Sumner Redstone’s Mental Capacity Investigation Postponed

Sumner Redstone's Mental Health Case Postponed

UPDATED: The contest over who will have the right to oversee Sumner Redstone’s end-of-life health care decisions will continue in the Los Angeles courts, following a hearing Monday afternoon.

Probate Judge Clifford L. Klein kept the case alive, but lent it none of the urgency asserted by Redstone’s long-time friend and confidante, Manuela Herzer, who claimed that the Viacom and CBS chairman was incapacitated and should immediately be required to submit to a deposition and tests of his mental capacity.

Declining to dismiss the case immediately, Klein instead set a Jan. 27 hearing for additional arguments on whether Herzer should be allowed to continue with her attempt to re-establish herself as Redstone’s primary health care agent in the event that he is deemed incapacitated.

Klein said there was no evidence of an urgent need for intervention for four reasons: Redstone is seen by his personal physician twice a week; he does not appear to face any immediate critical health-care needs; he has around-the-clock in-home care and he designated a new emergency health care agent as of mid-October — Viacom CEO Philippe Dauman.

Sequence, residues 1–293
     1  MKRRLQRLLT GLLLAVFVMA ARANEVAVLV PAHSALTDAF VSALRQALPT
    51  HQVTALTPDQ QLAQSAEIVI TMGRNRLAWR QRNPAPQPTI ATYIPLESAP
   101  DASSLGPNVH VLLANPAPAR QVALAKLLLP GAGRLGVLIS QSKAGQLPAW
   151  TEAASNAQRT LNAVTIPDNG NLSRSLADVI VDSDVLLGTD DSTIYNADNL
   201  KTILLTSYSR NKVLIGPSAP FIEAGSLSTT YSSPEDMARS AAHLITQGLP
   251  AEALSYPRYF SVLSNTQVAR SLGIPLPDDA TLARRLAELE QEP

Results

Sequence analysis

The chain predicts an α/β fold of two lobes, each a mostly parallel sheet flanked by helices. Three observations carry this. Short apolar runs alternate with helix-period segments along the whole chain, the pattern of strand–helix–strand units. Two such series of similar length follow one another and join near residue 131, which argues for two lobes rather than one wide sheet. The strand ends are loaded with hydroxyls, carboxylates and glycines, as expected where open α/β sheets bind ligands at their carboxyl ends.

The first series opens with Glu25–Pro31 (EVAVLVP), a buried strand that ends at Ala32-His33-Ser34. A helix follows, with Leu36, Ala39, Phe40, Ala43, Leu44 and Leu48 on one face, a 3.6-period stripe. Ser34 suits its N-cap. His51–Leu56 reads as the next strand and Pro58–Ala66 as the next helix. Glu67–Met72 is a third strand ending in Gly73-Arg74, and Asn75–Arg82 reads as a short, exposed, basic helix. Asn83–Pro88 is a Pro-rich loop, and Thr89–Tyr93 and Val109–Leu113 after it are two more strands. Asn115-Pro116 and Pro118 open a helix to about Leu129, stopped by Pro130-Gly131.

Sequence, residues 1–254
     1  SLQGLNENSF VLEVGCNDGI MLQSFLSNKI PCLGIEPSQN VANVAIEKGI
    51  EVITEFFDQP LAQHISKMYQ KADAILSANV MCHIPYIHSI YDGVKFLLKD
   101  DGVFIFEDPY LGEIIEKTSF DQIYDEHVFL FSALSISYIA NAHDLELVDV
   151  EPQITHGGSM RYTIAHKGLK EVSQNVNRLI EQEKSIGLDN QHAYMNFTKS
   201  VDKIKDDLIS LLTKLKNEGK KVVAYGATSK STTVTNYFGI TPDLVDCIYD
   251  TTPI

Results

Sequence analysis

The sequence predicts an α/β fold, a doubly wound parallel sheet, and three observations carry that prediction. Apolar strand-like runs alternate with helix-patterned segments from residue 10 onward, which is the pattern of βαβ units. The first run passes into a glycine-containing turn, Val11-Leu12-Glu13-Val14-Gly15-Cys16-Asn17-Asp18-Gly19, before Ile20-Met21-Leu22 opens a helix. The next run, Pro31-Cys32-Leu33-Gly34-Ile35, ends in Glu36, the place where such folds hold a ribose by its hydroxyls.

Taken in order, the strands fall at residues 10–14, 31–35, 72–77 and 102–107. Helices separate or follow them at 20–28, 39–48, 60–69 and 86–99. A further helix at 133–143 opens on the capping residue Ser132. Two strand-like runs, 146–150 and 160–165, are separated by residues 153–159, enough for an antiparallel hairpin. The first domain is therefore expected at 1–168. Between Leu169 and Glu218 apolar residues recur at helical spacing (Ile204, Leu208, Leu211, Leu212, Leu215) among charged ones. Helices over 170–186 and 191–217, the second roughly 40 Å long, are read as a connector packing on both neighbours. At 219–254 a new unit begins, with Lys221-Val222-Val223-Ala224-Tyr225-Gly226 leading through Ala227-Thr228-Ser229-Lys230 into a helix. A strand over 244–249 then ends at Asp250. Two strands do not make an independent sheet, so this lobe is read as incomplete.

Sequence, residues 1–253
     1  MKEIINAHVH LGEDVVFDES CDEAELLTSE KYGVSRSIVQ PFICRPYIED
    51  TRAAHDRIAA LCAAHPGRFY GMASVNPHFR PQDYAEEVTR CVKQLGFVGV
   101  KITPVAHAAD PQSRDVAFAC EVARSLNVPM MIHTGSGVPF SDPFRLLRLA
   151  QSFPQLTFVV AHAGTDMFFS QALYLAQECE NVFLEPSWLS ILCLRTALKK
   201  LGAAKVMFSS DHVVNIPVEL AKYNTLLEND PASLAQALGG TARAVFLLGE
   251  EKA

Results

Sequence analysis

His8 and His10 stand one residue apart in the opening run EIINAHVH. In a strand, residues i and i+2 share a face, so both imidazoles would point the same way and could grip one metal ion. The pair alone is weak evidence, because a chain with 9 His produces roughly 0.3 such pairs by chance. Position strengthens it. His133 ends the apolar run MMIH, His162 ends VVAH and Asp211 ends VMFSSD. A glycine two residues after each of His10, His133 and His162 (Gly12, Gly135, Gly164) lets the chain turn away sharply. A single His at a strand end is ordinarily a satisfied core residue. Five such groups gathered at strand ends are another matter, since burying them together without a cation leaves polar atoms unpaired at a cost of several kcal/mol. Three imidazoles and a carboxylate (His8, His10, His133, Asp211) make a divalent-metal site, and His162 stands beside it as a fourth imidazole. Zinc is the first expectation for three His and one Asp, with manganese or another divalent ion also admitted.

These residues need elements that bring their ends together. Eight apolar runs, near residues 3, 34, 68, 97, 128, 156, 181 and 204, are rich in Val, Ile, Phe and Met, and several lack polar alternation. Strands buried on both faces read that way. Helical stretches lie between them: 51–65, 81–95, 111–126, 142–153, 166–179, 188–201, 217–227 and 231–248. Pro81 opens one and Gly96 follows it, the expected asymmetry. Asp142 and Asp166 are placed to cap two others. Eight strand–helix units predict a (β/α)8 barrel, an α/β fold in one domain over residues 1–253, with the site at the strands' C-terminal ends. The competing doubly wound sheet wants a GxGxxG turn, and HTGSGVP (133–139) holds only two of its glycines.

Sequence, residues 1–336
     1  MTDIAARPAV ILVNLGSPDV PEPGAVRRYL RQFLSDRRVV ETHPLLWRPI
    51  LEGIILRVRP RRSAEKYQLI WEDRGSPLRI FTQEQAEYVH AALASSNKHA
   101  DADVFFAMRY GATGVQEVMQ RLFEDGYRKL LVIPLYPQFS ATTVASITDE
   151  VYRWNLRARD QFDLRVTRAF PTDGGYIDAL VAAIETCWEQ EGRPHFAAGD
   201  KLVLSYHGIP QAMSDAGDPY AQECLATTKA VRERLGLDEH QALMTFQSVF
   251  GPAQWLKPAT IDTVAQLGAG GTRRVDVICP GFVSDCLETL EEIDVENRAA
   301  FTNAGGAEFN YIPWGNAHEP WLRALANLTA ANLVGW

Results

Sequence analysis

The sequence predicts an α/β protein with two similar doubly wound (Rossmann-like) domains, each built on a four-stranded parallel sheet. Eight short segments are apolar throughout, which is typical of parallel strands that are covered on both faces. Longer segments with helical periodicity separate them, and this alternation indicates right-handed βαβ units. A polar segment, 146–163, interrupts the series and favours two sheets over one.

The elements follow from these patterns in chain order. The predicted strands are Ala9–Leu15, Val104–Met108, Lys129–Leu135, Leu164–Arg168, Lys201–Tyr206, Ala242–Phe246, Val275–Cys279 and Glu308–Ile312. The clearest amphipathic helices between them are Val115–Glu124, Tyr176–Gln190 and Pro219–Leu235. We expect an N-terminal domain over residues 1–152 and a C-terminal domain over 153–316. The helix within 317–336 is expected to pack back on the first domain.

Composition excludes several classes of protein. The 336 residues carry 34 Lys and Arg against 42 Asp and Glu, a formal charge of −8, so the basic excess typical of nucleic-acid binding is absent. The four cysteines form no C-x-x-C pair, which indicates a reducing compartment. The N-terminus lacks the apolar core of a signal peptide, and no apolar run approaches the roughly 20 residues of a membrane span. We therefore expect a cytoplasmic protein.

The hearing came following Herzer’s Thanksgiving-eve bid to re-assert her significant role in Redstone’s care, following her Oct. 12 ejection from the billionaire’s Beverly Park mansion. Four days later, Redstone’s Advance Health Care Directive was re-written to replace Herzer as designated health care agent, in the event of the corporate chieftain’s incapacity. The document made Dauman, a business associate and friend of more than 30 years, the new health care overseer.

Herzer asserted that she wants the role as health care agent to fulfill the wishes of Redstone, who she described in court papers as a one-time boyfriend and long-time friend, who trusts her more than his own children and grandchildren. Redstone’s lawyers rejected that view, saying that Herzer was going to the probate court as a preliminary maneuver to attempt to dispute Redstone’s trust after his death.